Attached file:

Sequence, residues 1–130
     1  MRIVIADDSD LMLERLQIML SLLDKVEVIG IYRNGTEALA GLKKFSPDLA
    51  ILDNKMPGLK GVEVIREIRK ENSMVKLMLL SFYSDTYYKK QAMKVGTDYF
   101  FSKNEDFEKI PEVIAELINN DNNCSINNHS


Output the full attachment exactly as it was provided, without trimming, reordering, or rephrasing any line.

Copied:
Sequence, residues 1–130
     1  MRIVIADDSD LMLERLQIML SLLDKVEVIG IYRNGTEALA GLKKFSPDLA
    51  ILDNKMPGLK GVEVIREIRK ENSMVKLMLL SFYSDTYYKK QAMKVGTDYF
   101  FSKNEDFEKI PEVIAELINN DNNCSINNHS